56. Spock's Brain 5431.4
The U.S.S. Enterprise is on a routine mission in deep space when a beautiful young woman beamed onto the bridge. Without a word, she touches a band on her wrist and everyone is rendered unconscious. She moves around the bridge until finally she comes to Spock. Smiling, she lays a hand on the Vulcan's head, as if she's found what she was looking for.
When Kirk awakes, Spock is gone from the bridge. Before the captain can find out where his first officer has gone, McCoy calls, demanding his presence in sickbay immediately. Spock's body lays on a diagnostic table, on full life support. McCoy explains that his brain is gone... miraculously removed with some technology that the doctor's has never seen before. Every nerve was sealed and there was no blood lost. However, McCoy tells him, if the Vulcan's brain isn't returned to his body within 24 hours, Spock will die.
Kirk orders the starship in pursuit of the woman's ship. By following their ion trail, the U.S.S. Enterprise arrives at the sixth planet in the Sigma Draconis system. When Kirk and party beam down, they find a rough, frozen world inhabited by two peoples; the Morgs, who are comprised solely of men, who live on the surface in a primitive culture, and the Eymorgs, an all female group who live deep under the planet's surface. While the Eymorgs live in a highly-technological society, they don't understand that technology and are trained to perform various tasks... like the operation enabling them to steal Spock's brain... by what is known as "The Great Teacher." This 'teacher' was left behind by ancient technologists who once lived on the planet.
McCoy, having fashioned a device which will control Spock's body without the aid of his brain, beams down with the Vulcan to join Kirk and his party. They find Kara, who is the woman that beamed aboard the U.S.S. Enterprise. They quickly realize that Kara doesn't have the skill or knowledge to have performed the operation on Spock, and she tells them about "The Great Teacher."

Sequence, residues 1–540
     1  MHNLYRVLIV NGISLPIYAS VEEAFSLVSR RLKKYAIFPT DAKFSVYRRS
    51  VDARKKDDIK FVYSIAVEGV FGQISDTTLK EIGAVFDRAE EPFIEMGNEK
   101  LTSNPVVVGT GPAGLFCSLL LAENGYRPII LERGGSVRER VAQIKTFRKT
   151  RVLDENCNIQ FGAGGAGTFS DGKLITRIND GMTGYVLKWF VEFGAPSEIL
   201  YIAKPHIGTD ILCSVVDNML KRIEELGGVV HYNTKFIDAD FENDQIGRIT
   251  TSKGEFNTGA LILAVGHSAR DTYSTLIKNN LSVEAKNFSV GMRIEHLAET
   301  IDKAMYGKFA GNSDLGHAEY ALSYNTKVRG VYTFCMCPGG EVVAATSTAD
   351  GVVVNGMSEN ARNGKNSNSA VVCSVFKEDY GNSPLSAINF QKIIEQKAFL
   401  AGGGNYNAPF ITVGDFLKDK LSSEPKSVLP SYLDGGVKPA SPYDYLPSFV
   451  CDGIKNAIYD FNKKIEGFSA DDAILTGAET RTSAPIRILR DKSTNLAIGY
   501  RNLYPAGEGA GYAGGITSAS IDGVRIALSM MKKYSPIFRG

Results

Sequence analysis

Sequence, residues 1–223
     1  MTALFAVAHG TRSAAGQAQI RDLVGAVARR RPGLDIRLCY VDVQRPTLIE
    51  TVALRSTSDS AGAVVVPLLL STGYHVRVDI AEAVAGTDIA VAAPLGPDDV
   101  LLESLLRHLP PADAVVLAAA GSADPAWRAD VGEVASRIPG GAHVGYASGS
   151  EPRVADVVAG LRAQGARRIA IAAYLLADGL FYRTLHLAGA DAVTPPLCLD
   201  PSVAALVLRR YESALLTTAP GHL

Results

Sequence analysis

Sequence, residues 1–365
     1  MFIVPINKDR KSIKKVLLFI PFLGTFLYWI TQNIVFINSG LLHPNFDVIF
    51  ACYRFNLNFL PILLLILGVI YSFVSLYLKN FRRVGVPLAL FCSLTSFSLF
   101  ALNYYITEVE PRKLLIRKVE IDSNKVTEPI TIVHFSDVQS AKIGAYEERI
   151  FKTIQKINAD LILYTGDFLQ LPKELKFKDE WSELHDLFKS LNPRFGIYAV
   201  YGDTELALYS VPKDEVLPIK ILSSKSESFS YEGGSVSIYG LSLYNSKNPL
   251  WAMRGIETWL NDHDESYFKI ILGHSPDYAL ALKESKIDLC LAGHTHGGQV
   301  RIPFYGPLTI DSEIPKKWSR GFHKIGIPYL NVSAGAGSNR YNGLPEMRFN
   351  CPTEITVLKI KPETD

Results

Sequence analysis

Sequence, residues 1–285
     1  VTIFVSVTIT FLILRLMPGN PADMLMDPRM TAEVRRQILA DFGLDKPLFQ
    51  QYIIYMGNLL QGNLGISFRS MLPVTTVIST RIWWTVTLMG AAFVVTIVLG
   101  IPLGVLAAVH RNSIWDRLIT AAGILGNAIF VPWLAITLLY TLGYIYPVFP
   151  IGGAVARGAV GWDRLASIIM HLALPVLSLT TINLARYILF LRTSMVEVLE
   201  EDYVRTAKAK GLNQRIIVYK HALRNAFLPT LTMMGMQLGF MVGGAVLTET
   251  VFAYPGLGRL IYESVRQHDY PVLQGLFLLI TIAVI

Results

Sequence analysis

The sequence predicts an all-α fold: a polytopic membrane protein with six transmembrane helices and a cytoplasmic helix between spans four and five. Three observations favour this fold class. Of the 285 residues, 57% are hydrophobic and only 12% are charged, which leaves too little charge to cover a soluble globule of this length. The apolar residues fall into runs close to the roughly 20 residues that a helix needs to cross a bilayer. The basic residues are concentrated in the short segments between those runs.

Finally, Kirk finds Spock's brain. They Eymorgs have hooked it up to run their central control system. The brain is now revered as "The Controller," which they hope will control their central systems for the next ten thousand years. After trying unsuccessfully to get Kara to repeat the operation, in reverse, on Spock, McCoy submits to "The Great Teacher" device and gains the knowledge needed to restore Spock's brain and save the Vulcan's life.
Without their Controller, the Eymorgs fear for their existence. Kirk suggests they share their greater knowledge with the Morgs and live together on the surface.

57. The Enterprise Incident 5031.3
Seeming tense and erratic, Captain Kirk takes the U.S.S. Enterprise into Romulan space and the ship is immediately surrounded by Romulan warships. Kirk and Spock beam aboard the Romulan flag-ship and confront the Romulan Commander, a woman. Kirk explains that his ship entered Romulan territory because of equipment malfunction. Spock, however, denounces this explanation, saying Kirk ordered them here, due to his reduced mental stability. This, not surprisingly, enrages the Captain. The Romulan Commander orders the U.S.S. Enterprise be taken to the Romulan base. Scotty, placed in command of the starship, refuses. McCoy is beamed aboard the flag-ship to tend Kirk, who has become irrational to the point of violence. When he arrives, Kirk attacks Spock who reacts, without thinking, by using the Vulcan death grip, killing Kirk.
McCoy returns to the U.S.S. Enterprise with Kirk's body, while Spock remains on the Romulan ship. Unknown to the Romulan Commander, this has all been a ploy to sneak the officers on board and steal the Romulan cloaking device. After Kirk's body has been removed to his ship, the Romulan Commander begins to try and entice Spock into defecting to the Romulan side.
Disguised as a Romulan, Kirk returns to the Romulan ship and steals the vessel's cloaking device and returns with it to the U.S.S. Enterprise. When the Commander discovers the theft, she feels betrayed and in retaliation decides to execute Spock. The Vulcan pretends to confess to her and ultimately stalls until Scotty is able to install the cloaking device on board the U.S.S. Enterprise. Spock is beamed back aboard the starship, but since the Romulan Commander was standing near him, she is also beamed aboard.